John Frank Turner

October 14, 1915July 17, 2018

John Frank Turner was born in Joshua, Johnson County, Texas on October 14, 1915, to Phillip Conner Turner and his wife Mary Melvina Rice Turner. He was the youngest of 4 children; however, his older brother Lloyd Lee had passed away at age 7, before John was born. His two older sisters Jessie and Claudia were both several years older than Johnny Frank, so he was reared very protectively by his older sisters and parents. John remembers that because of Lloyd’s tragic passing at such an early age, his mother was always very protective of him as he grew up, hoping and praying that he would be safe from harm, as the only son to carry on the Turner name.

John attended elementary school and early years of high school in Joshua. His mother insisted that he go to live with his Aunt Rhoda in Fort Worth, to finish school there, so he would buckle down and concentrate on his studies. He was having far too much fun with those Joshua girls.

As a college student during the Great Depression, John enjoyed playing basketball. He attended school on a very tight budget in both Oklahoma and Texas, majoring in mechanical engineering. During the summers each year, John and his Tejas Club university friends carpooled from Texas up to Montana, where they worked in Glacier National Park as “gearjammers,” driving tour buses throughout the beautiful park.

This adventurous experience was a turning point in John’s young life. After a few years as a bus driver, he was promoted to the position of the dispatcher for the famous red tourist buses in the park. One day, he noticed the names of the new Glacier employees, arriving on the train from Minnesota. The name “Mary Treacy” stood out to him immediately. He vowed he would meet her and date her, and probably even marry her. He looked for several days and finally met up with Mary at a dance. Thus began a great romance in the mountains. At the end of that summer, John proposed marriage to Mary before they parted ways for the upcoming college school year.

But when World War II was declared in December that year, John was encouraged to leave school early, before graduation, to take a position in the Los Angeles area as an aircraft engineer, to support the war effort as a civilian employee. This job was considered as his military duty, but he sometimes got teased and mocked during the war, when the soldiers saw him wearing civilian clothes rather than a military uniform. He was busy designing the warplanes some of them would be using to fight the war.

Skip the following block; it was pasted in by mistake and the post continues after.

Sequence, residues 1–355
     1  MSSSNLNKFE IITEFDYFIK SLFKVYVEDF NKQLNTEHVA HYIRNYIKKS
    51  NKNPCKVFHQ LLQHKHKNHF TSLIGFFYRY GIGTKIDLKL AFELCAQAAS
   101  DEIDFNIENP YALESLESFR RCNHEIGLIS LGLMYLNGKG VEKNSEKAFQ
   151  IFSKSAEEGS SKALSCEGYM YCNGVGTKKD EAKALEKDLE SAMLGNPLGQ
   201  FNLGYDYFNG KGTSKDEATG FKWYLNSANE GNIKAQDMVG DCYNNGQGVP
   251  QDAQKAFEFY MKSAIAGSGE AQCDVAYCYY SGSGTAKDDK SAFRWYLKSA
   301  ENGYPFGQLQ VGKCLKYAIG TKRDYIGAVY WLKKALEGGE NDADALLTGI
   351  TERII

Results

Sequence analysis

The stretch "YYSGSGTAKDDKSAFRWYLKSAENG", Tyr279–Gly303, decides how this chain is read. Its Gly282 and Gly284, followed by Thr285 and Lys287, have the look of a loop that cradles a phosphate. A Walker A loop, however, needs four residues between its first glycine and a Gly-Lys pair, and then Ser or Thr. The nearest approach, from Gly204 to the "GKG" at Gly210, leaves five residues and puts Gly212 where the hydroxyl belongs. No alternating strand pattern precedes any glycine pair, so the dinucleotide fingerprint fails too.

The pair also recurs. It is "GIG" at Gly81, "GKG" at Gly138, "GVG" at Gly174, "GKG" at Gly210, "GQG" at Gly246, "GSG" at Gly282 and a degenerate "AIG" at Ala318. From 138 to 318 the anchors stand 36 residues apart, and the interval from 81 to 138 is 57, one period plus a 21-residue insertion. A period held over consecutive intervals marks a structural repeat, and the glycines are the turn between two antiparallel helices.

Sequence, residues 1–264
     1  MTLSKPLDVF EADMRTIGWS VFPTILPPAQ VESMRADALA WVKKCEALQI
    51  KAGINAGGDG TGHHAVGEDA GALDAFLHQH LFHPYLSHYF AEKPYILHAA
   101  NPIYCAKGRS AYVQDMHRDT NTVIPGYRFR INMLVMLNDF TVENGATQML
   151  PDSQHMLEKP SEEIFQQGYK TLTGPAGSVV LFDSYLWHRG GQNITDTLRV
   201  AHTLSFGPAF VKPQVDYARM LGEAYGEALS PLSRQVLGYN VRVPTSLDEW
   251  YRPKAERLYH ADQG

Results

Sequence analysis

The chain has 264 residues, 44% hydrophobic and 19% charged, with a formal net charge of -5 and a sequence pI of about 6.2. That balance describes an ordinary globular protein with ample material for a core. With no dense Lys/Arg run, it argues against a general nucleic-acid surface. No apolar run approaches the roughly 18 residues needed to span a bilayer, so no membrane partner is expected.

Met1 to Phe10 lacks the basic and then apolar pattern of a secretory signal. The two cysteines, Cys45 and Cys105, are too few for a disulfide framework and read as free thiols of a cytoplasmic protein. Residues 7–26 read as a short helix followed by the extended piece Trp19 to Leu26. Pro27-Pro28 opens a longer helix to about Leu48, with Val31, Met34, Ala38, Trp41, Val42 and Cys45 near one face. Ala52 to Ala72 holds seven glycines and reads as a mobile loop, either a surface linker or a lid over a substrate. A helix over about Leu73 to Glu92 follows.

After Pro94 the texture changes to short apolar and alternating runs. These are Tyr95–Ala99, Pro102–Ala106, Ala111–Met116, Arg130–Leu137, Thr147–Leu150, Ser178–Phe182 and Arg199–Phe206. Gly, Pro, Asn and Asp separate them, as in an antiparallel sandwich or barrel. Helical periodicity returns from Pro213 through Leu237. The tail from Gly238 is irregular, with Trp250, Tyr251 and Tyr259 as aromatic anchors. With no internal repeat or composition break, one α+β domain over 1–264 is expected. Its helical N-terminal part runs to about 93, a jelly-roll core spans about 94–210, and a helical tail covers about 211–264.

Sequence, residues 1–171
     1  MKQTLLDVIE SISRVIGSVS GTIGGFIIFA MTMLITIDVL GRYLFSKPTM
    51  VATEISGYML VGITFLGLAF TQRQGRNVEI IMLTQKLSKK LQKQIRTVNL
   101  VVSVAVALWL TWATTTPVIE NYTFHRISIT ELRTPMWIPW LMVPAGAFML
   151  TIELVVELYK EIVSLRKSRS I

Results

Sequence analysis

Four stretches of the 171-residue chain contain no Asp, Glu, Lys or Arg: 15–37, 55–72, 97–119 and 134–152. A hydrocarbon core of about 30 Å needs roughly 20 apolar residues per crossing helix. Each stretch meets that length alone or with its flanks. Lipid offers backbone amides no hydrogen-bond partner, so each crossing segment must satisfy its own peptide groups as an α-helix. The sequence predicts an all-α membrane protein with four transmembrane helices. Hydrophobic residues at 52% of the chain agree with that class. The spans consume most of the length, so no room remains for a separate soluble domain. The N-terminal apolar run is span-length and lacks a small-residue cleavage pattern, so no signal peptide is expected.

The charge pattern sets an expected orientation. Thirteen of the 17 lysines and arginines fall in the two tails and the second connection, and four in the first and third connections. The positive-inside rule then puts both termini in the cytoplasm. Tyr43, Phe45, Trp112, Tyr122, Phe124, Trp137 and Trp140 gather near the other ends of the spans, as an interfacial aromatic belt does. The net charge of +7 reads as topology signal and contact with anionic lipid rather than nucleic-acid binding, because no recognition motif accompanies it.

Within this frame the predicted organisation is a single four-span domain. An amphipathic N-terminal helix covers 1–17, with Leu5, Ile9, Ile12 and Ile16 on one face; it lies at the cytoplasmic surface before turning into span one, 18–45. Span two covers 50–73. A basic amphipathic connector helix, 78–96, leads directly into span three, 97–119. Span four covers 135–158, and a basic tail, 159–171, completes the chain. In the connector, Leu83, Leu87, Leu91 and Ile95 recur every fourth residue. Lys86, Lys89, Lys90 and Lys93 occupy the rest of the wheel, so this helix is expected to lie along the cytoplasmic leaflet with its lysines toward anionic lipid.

Despite cultural differences between the Texas Methodist and the Minnesota Catholic, John and Mary determined to wed in a simple ceremony in a Hollywood church on July 18, 1942. They started married life in Santa Monica, where John worked in aircraft engineering. Over the next 11 years, they were blessed with 5 living children, Byron, Ann, Judy, Sara, and Dave. Their first baby, Mary Emily, had lived just 4 days, having been born prematurely. John supported college education for all his children and took great pride in their many accomplishments. Nothing meant more to him than close family relationships, especially with his 12 grandchildren and 14 (soon to be 15) great-grandchildren.

John and Mary moved out from Santa Monica to the San Fernando Valley in the 1950’s and bought a home on Donmetz Street in Granada Hills. John got busy designing his dream home after purchasing a building lot in the orange groves of Lahey Street near Zelzah Ave. Within a few years, the home was completed, and the family excitedly moved into it in February 1960. He and Mary never moved again. John was adamant that he would live there till the end of his life, and he did just that.

John was active in the Granada Hills Methodist Church for many years, until he eventually joined many other church members there in transferring over to Northridge United Methodist Church. He served as an usher here for many years. He became in-volved as a volunteer in the Grief Group around the time that Mary became incapacitated, and especially when she finally passed in June 2004.

As he and Mary reared their five active children, John worked hard in his career for Doug-las Aircraft, and then Weber Aircraft in Burbank. He rose to the position of Vice Presi-dent of Engineering for Weber and was busily engaged in exciting projects for the USA’s Space Program for several years. He met several well-known astronauts and designed the ejection seat that saved one of their lives. Gradually, he transitioned to com-mercial airline projects, which caused him to travel all over the world to meet with a wide variety of business leaders in countries trying to develop their own airline industries.

He retired in the early 1980’s and continued his hobbies of carpentry and golf, especially. He was always busy with one thing or another, improving on the house and yard, and do-ing his share of socializing and entertaining, playing bridge, and traveling widely. He formed friendships with a few people who had stayed in his home as exchange students and reciprocated to their homes in his international travels.

Mary’s health problems became another turning point for John in the mid-1990’s. He in-sisted that she belonged at home, rather than at a care facility. He gave great effort to making life comfortable, familiar, and loving for her, and was so attentive to her. During those 9-½ years, his soul was very tenderized, and he learned patience in a new way. He hired many different caregivers over the years for Mary, always trying to create the right match. He finally succeeded, and after Mary passed away in 2004, John asked her caregiv-er, Alecia Waters, to stay on as a household helper, and eventually a caregiver to him in his sunset years. Alecia has become like one of the family.